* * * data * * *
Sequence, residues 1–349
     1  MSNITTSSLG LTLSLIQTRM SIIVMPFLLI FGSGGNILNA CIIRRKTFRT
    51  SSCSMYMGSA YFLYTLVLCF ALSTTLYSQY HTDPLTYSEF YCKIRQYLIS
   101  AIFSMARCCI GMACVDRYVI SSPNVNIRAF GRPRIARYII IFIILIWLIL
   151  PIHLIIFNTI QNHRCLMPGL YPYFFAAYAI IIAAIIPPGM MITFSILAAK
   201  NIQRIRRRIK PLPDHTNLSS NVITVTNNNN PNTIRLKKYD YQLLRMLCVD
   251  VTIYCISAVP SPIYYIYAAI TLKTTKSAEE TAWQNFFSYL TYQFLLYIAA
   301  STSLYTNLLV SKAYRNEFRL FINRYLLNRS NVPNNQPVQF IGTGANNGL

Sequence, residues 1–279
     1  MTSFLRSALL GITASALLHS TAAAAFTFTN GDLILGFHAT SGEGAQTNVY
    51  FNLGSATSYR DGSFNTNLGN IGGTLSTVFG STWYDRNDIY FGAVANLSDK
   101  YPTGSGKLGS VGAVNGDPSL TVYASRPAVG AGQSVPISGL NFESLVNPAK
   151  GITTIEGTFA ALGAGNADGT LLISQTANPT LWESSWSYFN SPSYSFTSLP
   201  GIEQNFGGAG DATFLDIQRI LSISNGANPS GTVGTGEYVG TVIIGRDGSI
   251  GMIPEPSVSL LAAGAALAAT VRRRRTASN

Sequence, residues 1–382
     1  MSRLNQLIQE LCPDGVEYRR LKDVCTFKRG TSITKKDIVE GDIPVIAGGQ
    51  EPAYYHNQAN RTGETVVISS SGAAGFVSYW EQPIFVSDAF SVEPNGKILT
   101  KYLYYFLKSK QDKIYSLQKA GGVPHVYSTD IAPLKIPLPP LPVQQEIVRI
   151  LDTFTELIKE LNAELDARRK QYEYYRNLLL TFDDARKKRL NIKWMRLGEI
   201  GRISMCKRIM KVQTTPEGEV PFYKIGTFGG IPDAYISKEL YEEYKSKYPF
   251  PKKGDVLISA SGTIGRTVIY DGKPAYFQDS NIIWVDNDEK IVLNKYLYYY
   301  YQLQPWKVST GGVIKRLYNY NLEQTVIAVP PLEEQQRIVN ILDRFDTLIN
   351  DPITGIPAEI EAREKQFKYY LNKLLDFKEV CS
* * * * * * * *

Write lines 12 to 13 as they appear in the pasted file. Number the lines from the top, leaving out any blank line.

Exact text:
   101  YPTGSGKLGS VGAVNGDPSL TVYASRPAVG AGQSVPISGL NFESLVNPAK
   151  GITTIEGTFA ALGAGNADGT LLISQTANPT LWESSWSYFN SPSYSFTSLP